Iranian support for Assad regime ‘needs to stop,’ Pentagon says

Iran's continued efforts to prop up Syrian president Bashar Assad's regime is generating concern inside the Pentagon and raising tensions among U.S. allies in the region.

"We have reason to believe Iran continues to assist [the] Assad regime," Defense Department spokesman Capt. John Kirby told reporters on Thursday, during a briefing at the Pentagon. "That needs to stop."

Iranian forces have been a source of "tangible and intangible" support to Assad during his nearly year-long effort to quash opposition forces by any means necessary, Kirby said.

News reports on Wednesday said Tehran attempted to smuggle a large arms shipment into Syria aboard an Iranian commercial airliner headed to Damascus.

The weapons were allegedly destined for Syrian government forces under the orders of senior commanders in Iran's elite Revolutionary Guard. German news outlet ZDF first reported news of the weapons shipment.

In the past, Tehran has been known to use passenger airliners to move weapons and materiel to Hezbollah fighters in Lebanon.

Kirby declined to confirm the alleged arms shipment from Iran during Thursday's briefing. However, he did note such actions remain "a matter of deep concern [to the United States] and other [allies] share that concern." 

White House spokesman Jay Carney accused Tehran of engaging in "malignant behavior" in its attempts to prolong Assad's brutal assault on the Syrian people. 

"That fact further highlights Iran's continued effort to expand its nefarious influence in the region, and underscores Iran's fear of a Syria without the Assad regime," he told reporters at the White House on Thursday. 

However, the Obama administration has remained committed to its stance of providing only non-lethal support to Syrian rebels, despite news of Iran's increasing role in the conflict.

But the rising level of violence in Syria, punctuated by the massacre of over 100 civilians by government troops in Houla last Saturday, has only increased calls for military action in the country.

GOP presidential nominee Mitt Romney has openly called for arming Syrian rebels and for the White House to take action against countries supplying Assad's forces with weapons.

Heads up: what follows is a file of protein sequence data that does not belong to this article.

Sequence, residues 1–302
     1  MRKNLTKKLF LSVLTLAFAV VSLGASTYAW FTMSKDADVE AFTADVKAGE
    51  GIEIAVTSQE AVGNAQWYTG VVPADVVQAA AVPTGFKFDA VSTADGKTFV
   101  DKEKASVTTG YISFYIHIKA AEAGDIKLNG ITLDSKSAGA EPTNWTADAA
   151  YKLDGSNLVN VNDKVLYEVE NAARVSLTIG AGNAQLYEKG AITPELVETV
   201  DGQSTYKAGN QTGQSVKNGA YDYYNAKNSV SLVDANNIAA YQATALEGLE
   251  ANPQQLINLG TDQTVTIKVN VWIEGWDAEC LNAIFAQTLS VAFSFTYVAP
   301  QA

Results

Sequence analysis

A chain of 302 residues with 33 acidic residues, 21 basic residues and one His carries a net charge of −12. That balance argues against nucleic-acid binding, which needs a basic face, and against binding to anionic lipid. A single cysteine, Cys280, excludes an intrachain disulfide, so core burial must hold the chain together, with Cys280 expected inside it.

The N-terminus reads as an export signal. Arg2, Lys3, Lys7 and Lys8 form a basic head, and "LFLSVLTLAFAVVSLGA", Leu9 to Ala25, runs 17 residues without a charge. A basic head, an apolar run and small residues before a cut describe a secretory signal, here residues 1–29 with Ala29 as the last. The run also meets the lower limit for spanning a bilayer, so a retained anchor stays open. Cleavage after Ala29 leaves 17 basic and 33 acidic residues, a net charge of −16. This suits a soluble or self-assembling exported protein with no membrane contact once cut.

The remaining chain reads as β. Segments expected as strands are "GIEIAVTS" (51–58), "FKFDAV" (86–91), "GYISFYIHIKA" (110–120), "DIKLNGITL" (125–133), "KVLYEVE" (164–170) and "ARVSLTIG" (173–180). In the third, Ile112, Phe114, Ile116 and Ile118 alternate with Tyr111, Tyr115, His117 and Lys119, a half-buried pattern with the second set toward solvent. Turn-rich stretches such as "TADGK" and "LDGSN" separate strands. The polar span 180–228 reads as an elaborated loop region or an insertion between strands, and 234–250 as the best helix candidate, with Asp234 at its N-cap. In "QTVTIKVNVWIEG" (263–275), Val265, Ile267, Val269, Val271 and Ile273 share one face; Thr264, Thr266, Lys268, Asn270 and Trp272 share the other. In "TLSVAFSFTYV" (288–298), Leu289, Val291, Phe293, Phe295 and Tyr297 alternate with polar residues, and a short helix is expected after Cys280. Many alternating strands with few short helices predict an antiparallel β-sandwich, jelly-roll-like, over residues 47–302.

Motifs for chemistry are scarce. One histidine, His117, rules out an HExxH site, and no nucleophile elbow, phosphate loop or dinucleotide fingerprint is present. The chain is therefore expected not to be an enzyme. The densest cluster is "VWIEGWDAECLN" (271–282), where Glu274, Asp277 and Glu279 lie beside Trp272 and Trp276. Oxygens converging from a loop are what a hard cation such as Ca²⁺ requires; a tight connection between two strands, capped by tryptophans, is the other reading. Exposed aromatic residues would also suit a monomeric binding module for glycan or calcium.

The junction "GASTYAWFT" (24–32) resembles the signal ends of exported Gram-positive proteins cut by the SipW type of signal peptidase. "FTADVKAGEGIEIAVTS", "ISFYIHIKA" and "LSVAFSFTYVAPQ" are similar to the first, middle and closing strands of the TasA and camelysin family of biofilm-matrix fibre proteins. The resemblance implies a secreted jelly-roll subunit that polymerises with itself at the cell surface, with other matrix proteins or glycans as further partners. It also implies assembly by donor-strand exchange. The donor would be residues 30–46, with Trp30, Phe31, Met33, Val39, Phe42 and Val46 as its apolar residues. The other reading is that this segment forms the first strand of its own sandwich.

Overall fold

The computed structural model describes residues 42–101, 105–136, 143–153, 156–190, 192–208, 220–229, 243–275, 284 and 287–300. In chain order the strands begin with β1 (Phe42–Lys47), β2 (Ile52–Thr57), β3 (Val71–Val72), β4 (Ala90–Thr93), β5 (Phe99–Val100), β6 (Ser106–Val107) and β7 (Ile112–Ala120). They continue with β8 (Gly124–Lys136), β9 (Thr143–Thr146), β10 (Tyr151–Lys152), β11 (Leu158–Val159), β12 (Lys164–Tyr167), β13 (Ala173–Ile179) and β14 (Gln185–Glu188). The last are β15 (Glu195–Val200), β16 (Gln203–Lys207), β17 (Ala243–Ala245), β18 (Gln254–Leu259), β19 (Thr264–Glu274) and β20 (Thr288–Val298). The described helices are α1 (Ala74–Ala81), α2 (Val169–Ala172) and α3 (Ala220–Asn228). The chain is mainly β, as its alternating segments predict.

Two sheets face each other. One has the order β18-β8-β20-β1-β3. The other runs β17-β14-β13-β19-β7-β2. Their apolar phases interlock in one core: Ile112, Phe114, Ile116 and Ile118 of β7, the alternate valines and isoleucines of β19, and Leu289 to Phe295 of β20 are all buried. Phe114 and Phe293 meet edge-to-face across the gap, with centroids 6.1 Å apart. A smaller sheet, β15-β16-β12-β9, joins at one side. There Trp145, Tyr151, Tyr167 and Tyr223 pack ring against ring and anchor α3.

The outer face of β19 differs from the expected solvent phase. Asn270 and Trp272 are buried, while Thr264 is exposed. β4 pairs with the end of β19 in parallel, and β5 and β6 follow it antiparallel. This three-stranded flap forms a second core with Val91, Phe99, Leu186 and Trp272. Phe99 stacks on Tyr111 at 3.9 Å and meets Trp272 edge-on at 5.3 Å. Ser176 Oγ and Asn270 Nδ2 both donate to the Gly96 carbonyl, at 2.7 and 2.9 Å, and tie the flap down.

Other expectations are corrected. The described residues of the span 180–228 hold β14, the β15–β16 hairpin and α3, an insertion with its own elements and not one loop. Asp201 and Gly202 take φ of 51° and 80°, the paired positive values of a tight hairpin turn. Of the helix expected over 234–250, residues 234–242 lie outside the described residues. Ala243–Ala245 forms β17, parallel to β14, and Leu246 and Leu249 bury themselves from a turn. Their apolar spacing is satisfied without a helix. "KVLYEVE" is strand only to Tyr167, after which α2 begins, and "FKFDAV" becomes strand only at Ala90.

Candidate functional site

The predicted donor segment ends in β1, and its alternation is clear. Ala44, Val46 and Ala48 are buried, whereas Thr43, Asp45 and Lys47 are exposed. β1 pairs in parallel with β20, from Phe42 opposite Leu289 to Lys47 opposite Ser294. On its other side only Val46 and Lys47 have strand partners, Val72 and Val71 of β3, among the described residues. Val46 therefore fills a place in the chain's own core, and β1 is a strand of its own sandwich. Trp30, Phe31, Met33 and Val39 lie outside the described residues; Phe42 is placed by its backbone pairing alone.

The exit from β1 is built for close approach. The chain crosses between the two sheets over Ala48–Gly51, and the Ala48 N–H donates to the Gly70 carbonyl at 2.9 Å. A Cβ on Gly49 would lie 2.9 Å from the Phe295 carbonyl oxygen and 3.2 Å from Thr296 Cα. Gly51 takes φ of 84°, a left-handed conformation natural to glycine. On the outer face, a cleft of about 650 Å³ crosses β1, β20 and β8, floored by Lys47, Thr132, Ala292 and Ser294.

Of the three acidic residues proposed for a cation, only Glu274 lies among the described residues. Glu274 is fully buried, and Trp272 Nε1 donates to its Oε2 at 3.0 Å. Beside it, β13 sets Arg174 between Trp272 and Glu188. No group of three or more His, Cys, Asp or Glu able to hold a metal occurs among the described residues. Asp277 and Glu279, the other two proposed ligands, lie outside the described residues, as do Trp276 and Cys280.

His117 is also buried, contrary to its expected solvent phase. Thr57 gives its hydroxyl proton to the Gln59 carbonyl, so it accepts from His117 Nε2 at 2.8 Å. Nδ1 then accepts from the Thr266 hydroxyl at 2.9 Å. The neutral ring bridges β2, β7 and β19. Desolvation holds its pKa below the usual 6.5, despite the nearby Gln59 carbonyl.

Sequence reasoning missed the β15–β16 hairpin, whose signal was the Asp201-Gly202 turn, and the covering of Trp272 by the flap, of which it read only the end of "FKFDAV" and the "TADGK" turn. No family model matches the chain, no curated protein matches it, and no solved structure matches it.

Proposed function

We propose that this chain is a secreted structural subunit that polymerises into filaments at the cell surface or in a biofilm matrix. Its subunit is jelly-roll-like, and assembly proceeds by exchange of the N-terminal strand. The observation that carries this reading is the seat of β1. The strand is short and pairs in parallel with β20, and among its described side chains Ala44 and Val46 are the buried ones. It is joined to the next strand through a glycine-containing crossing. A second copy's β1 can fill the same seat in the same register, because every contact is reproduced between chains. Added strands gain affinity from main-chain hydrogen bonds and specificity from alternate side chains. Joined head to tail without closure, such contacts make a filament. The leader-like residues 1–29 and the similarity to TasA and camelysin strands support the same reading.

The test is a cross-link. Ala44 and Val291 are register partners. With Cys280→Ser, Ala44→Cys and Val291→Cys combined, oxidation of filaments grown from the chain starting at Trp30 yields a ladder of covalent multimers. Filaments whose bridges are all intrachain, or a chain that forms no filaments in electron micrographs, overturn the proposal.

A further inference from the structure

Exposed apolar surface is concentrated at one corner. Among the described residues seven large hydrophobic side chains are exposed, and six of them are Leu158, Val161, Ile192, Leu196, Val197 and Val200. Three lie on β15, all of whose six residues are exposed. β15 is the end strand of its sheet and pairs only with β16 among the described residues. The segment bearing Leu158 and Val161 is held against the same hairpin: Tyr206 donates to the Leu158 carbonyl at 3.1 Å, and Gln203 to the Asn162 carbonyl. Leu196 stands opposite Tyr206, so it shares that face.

News reports last week claimed the White House has ordered U.S. officials to begin vetting elements of the Free Syrian Army (FSA), the largest anti-Assad force in the country, to evaluate whether they meet the criteria to receive military support.

The vetting process, first reported by the Associated Press, will likely be run by the Pentagon, State Department and the U.S. intelligence community, with various Gulf states providing the actual weapons to the FSA and others.

Kirby declined to comment on whether the Pentagon was preparing to evaluate or already was evaluating FSA units as part of the White House plan.

However, he did note that certain Gulf states have already begun to funnel weapons into Syria to support the rebellion. 

Members of Iran's Revolutionary Guard have been accused by top American commanders of supplying arms to insurgent forces during the darkest days of the Iraq War.

At that time members of Iran's Quods Force, an elite unit within the Revolutionary Guard, reportedly delivered a deadly variant of the roadside bombs, favored by terror groups like al Qaeda and the Taliban, to Iraqi insurgents.

The bomb, known as an explosively formed penetrator (EFP), was designed to penetrate the soft underbellies of American armored vehicles patrolling Iraq at the time.

The weapon resulted in numerous U.S. casualties and forced the Pentagon to develop a new armored vehicle, specifically designed to withstand a blast from an EFP.

This story was updated at 5:31pm to include comments from White House spokesman Jay Carney